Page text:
Tina - you might try giving several of the plants a vigorous shake over a white surface, or sheet of white paper or stiff paperboard. Hold the pot or cell pack firmly with one hand, tilt it sort of sideways, and shake the foliage with your other hand over the white surface. It's a great way to check your plants for pests. Do this on several plants from several locations to get a good idea of your pest situation. You'll easily see them crawling around on the white surface. If you do have thrips, there are a couple of beneficial nematodes that do a great job of cleaning up thirps, fungus gnats, and shore flies...they are applied to the soil. They attack these insects during their life stages that inhabit the soil. Bagged soil mixes can have these pests as egg and larval stages. Pasteurization before use will usually kill them off. But as you and others have stated, they can come in on other plants, on your clothing, and on pets.
Name: Mary
Crown Point, Indiana (Zone 5b)
josieskid
Jan 17, 2020 9:06 AM CST
Tina, is there any way that you could be having Asian beetles? They bite me painfully all the time! Grumbling I bet they'd have no trouble with chewing on your leaves. Glare Shrug!
I are sooooo smart!
Name: Tina McGuire
KY (Zone 6b)
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beenthere
Jan 17, 2020 9:14 AM CST
@josieskid you are correct, after the first wave of them I examined closely and they do have the white M on the back of their heads. Just sat and watched one today ( yes I'm easily amused), and they're kinda cute. Sat there cleaning itself like a cat. I did do the white paper thingy Greg, but still nothing.
Name: Nancy
Bowling Green Kentucky (Zone 6b)
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alilyfan
Jan 17, 2020 9:19 AM CST
I always have problems with ladybugs coming inside for the winter. Don't see much until there is a warm, sunny day and they want back outside. I read somewhere that they are not true ladybugs, but a relative. Not sure if that is true or not, but if they are not true ladybugs, I could see they might be chewing on the leaves. Or maybe just out of necessity since not many bugs they normally have access to?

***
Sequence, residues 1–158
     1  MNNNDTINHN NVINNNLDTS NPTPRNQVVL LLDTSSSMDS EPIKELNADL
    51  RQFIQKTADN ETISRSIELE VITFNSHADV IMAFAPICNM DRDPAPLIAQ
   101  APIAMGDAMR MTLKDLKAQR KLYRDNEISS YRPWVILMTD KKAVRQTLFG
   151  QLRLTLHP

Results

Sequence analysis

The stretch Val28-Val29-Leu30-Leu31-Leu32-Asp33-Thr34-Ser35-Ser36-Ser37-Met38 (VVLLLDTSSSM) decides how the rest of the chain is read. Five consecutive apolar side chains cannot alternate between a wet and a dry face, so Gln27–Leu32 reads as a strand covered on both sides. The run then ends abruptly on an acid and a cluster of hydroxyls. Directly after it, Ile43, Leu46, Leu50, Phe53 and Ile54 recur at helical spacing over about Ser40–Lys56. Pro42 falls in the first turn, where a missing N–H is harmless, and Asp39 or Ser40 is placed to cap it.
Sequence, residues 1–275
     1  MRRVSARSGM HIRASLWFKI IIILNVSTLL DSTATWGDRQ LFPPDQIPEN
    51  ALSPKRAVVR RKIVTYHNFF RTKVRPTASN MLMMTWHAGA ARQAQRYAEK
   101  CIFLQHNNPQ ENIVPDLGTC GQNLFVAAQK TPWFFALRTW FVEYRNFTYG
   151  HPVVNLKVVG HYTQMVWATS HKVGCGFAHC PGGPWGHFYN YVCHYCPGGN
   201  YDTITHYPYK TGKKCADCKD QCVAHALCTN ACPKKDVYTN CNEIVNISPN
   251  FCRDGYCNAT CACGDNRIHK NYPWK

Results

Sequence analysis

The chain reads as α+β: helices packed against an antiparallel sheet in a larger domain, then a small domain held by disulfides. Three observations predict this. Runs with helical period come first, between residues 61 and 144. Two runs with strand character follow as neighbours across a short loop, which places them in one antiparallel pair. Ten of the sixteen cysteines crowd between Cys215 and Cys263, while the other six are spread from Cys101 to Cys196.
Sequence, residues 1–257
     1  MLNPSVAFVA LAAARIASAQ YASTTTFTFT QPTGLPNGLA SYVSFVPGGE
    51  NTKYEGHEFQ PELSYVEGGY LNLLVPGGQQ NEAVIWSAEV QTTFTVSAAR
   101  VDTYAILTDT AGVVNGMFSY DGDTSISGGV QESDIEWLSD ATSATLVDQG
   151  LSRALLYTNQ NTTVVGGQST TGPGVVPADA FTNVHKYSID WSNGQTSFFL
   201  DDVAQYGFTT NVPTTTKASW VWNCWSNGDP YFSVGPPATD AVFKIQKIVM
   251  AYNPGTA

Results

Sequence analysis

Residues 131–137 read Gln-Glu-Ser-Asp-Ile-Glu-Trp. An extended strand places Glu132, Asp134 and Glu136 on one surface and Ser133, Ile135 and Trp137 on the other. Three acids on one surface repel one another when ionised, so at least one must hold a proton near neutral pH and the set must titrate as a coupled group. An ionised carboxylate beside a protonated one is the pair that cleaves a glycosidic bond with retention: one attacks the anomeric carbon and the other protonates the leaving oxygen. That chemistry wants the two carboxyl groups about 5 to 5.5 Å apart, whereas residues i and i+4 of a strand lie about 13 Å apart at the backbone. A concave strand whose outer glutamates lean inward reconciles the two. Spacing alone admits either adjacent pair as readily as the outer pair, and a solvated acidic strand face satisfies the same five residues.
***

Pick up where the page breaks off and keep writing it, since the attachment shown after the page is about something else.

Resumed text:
I posted and see you may have already figured it out!
[Last edited by alilyfan - Jan 17, 2020 9:20 AM (+)]
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Name: Sue
Ontario, Canada (Zone 4b)
Daylilies Birds Enjoys or suffers cold winters Native Plants and Wildflowers Butterflies Annuals
Region: Canadian Keeps Horses Dog Lover Plant Identifier Garden Sages
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sooby
Jan 17, 2020 9:28 AM CST
Nancy, the Asian ladybeetle (the one that moves into houses for the winter) is the same family as "regular" ladybeetles, Coccinellidae. We usually get them in the house too but so far there don't seem to be as many as usual this winter. There are other spotted beetles that look sort of like ladybeetles but it sounds like Tina has identified these as Asian ladybeetles (aka ladybugs although technically they are not true bugs).
Name: Tina McGuire
KY (Zone 6b)
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beenthere
Jan 17, 2020 10:20 AM CST
Well, they are still being ushered back outdoors. Will watch out for that bite, Mary! Thanks all for the info and suggestions.
Name: Mary
Crown Point, Indiana (Zone 5b)
josieskid
Jan 17, 2020 11:00 AM CST
Yeah honey, don't let them get on you! They must have huge teeth! nodding
I are sooooo smart!